Should Palm Coast hire a firm to see what it would cost to dredge the city's canals?
Does Palm Coast need to dredge the canals in the city's C-Section? If so, how much should the city spend on an amenity with a relatively limited number of users?
The City Council would like to know what residents think, and the topic will be placed on this year's National Citizen Survey for Palm Coast residents.
Although most of the survey's questions, developed by the International City/County Management Association, are standardized nationwide so that cities can be compared with one another, cities can add three city-specific questions for free.
A month ago, it looked like Palm Coast City Council members were ready to select street lights, the city's stormwater swale system, and city street quality as the three topics for those questions: City staff had proposed asking residents about their satisfaction with each.
But at a council workshop Oct. 12, Councilman Ed Danko — who's mentioned resident concerns about the canals before, saying some have filled in enough that locals have to wait for high tide to take their boats out — had a new proposal: He suggested placing the topic of dredging on the citizen survey.
"It’s part of our city, like anything in our city," he said. "… We’re all in this together, and it’s a huge amenity."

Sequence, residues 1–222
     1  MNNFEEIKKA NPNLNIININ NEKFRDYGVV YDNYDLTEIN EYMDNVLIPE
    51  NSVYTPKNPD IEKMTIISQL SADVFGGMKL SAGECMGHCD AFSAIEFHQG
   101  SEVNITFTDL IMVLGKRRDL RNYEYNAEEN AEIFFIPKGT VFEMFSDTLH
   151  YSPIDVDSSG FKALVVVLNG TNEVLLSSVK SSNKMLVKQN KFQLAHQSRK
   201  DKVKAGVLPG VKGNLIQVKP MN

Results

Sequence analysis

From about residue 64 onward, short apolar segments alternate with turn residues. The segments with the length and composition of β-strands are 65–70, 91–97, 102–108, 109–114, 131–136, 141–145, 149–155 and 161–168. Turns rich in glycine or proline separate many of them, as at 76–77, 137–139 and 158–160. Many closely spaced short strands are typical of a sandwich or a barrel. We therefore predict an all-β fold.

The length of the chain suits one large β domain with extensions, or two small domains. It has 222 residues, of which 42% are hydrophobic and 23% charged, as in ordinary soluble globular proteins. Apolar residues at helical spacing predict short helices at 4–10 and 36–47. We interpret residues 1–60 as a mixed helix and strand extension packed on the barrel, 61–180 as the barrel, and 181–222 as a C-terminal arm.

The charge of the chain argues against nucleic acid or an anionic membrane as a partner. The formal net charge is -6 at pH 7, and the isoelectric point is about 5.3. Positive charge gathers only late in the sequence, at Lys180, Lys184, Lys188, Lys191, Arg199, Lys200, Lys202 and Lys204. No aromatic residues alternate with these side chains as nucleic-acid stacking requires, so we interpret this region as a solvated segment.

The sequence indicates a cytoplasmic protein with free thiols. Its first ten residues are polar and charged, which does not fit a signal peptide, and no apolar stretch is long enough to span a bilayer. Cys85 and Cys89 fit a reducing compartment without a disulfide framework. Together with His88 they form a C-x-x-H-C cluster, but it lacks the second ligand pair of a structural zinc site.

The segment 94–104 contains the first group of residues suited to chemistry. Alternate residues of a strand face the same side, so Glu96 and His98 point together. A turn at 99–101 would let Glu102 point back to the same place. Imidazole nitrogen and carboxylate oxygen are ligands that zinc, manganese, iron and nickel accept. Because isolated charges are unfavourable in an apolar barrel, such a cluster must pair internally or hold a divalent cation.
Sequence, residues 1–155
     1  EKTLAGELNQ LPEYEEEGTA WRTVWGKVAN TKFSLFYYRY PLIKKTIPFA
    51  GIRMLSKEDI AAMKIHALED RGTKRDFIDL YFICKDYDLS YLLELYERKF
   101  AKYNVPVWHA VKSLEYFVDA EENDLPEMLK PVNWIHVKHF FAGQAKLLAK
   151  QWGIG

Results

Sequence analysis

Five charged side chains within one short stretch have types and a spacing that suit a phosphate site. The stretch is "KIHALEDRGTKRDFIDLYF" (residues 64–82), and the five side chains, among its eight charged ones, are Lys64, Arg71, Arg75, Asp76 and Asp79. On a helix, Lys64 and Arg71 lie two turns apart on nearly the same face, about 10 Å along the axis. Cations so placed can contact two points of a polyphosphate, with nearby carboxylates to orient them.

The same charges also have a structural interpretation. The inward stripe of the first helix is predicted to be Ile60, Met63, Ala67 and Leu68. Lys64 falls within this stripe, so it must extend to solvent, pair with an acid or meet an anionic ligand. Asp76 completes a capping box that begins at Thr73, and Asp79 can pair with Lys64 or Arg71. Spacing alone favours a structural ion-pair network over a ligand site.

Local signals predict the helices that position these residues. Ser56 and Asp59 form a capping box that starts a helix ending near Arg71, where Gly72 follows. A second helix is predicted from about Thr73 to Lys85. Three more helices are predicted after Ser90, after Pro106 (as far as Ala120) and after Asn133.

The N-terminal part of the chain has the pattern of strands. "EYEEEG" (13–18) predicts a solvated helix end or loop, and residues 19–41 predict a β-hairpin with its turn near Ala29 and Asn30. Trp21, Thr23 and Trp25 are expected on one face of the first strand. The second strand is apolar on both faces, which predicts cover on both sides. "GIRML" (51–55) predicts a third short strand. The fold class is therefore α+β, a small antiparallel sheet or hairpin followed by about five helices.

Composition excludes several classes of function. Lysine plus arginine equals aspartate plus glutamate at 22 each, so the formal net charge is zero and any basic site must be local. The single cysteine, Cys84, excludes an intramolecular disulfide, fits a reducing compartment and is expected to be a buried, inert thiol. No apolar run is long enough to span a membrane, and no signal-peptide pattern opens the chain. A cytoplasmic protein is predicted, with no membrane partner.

Danko added that a dredging project could take years, and added, "It’s an issue we’re going to have to deal with sooner or later, and the longer we wait, the harder it’s going to get."
He suggested a survey question asking citizens if they believe the city should hire a consulting firm to explore potential canal dredging and what it would cost, and noted that grant money may be available for the dredging itself.
Mayor David Alfin agreed that the canals are an amenity the city needs to deal with, and that a survey question about dredging could be useful.
"Then we’ll get a reading on how many of our residents think it’s a priority," Alfin said. "So let's ask the public to see if they would be willing to invest in a study."
He asked city staff if adding a survey question about canal dredging would mean cutting one of the other three proposed topics.
Public Information and Engagement Director Brittany Kershaw confirmed that it would.
Alfin noted that the city has largely settled the future of streetlights in Palm Coast — the city now has an ongoing street lighting program to add them — and that community sentiment is already fairly clear: People want more lights. He suggested nixing the proposed streetlighting question in favor of a canal dredging question. Other council members agreed.
The National Citizen Survey, designed to be representative and scientifically valid, will be mailed out to 1,200 residents starting later this month.
An online version will also be available for people who didn't receive the mailed invitation but would like to take the survey. The results of the web-based and mailed surveys will be kept separate, to preserve the validity of the mailed version.